Let's Talk About Suicide
Posted by ais.reilly
14th Mar 2016

Unless you've been there you can't know the absolute horror, the bleakness of feeling so hopeless that you chose to try and end your life. It doesn't even present itself as a choice; it's like swimming in a flooding corridor and the only door with a fanlight, that you just might be able to break through, has a little plaque that reads "Death". It's ironically like a survival instinct. If it leads you to air you imagine it might be like an embrace.

I know there are many who won't understand this, I can't honestly say I could if I hadn't been through it but I have never thought of people who attempt or succeed in suicide as cowards. I have always understood the strength of emotional pain. It angers me that people label sufferers of this kind as weak or shameful. The bravest, strongest, most resiliant people I've met have been fellow patients in a mental health hlospital. They have also been some of the kindest and most compassionate people I had the good fortune to share time with. I suspect it is because they understand what it means to suffer, to battle relentlessly with depression while enduring panic attacks, psychosis for some, while sleep deprived, sometimes for months on end, while stigmatised, not just by strangers or mere acquaintances but by loved ones, and worst of all, self-stigmatised - feeling like a burden, a failure, worthless, pathetic and unlovable.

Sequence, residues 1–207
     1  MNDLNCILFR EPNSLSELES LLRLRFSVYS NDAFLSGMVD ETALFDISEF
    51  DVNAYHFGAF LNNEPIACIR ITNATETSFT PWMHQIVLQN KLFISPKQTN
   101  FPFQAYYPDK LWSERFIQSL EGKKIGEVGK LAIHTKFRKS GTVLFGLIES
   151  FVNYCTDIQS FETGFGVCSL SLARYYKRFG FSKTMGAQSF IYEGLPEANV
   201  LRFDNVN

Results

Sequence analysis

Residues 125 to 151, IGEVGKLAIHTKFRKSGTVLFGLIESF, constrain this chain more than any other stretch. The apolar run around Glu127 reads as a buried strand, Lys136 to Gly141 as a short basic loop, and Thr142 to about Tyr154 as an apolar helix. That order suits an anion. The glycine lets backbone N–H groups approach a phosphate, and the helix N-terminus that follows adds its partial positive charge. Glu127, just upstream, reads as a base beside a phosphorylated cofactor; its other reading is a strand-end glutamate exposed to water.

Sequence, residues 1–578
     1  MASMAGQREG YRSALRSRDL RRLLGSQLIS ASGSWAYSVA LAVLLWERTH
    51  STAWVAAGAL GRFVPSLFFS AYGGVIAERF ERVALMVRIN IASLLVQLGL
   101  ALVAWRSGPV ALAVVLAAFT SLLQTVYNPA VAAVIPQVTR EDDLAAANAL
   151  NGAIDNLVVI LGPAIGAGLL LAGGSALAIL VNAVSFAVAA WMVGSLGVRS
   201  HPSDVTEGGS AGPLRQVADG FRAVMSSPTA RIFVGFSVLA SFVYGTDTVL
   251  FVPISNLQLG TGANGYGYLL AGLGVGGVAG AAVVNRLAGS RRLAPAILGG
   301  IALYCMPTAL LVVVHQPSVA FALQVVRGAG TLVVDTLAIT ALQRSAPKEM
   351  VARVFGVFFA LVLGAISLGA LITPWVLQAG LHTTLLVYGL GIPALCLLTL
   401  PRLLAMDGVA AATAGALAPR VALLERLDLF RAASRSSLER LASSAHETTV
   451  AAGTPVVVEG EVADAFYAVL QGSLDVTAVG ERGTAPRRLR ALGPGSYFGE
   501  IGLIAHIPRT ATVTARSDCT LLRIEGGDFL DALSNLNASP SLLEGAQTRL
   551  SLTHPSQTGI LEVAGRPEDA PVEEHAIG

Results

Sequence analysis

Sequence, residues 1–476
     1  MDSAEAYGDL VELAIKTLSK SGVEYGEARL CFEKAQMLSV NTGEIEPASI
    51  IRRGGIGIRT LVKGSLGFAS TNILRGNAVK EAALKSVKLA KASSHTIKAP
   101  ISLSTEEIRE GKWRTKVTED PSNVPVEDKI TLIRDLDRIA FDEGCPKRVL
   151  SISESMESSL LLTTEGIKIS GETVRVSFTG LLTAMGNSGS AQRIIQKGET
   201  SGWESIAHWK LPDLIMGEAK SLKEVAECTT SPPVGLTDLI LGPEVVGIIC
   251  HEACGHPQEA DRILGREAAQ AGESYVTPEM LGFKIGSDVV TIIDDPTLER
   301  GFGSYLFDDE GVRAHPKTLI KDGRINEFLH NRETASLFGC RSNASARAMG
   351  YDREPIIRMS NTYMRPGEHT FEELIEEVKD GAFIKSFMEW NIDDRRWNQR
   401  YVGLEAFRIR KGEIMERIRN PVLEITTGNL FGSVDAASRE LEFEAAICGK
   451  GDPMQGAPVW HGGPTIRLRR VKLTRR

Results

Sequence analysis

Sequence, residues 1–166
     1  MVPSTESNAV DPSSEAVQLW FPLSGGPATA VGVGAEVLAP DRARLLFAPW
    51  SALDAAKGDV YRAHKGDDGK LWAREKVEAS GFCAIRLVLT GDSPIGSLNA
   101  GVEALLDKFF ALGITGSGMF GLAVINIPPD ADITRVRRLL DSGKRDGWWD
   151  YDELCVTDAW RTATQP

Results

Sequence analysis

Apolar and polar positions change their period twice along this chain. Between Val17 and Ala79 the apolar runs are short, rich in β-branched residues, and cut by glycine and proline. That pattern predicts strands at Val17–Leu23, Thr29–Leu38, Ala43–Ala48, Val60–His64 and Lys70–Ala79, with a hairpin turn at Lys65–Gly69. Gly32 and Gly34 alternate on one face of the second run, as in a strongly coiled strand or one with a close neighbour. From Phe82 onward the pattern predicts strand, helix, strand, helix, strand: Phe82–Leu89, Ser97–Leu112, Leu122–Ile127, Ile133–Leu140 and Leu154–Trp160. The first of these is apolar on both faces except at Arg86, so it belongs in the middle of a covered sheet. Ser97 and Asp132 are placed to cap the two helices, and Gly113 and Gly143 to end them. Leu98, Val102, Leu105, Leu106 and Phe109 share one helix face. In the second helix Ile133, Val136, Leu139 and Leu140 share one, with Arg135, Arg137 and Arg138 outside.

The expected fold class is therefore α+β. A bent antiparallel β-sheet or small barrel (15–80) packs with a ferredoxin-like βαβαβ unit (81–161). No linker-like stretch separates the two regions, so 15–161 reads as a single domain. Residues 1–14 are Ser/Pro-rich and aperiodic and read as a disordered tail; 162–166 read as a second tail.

In the past I did believe no matter how low I sank I would choose life for the sake of my loved ones, I felt a comfort in that, I felt brave.
Then the time came when I felt I'd exhausted every avenue seeking help (G.P.s, charities, counselling, exercise,  supplements, medication, psychiatrists, hospital) to no avail, I'd lost the people I feared I would if I didn't "hold it together" and I found myself in the loneliest place imaginable, that flooding corridor and I tried to smash that fanlight.

Now I know a little more of bravery, I know getting up again after that and grappling for hope was bravery, I know continuing on everyday through this hell of depression is bravery, especially now I've been in that flooding corridor time upon time and know I most likely will be again, messy and humiliated in a way very few understand and I'll need to shout and shout for help, from under water. I'll need to have the presence of mind to find and tell someone, not just anyone but the right someone, the someone who will stop me from doing the only thing, in that moment, in my mind, I believe will save me, stop me from breaking through that fanlight. Afterwards I'll need to pick myself and the pieces back up and start again.

Don't you dare call me a coward.

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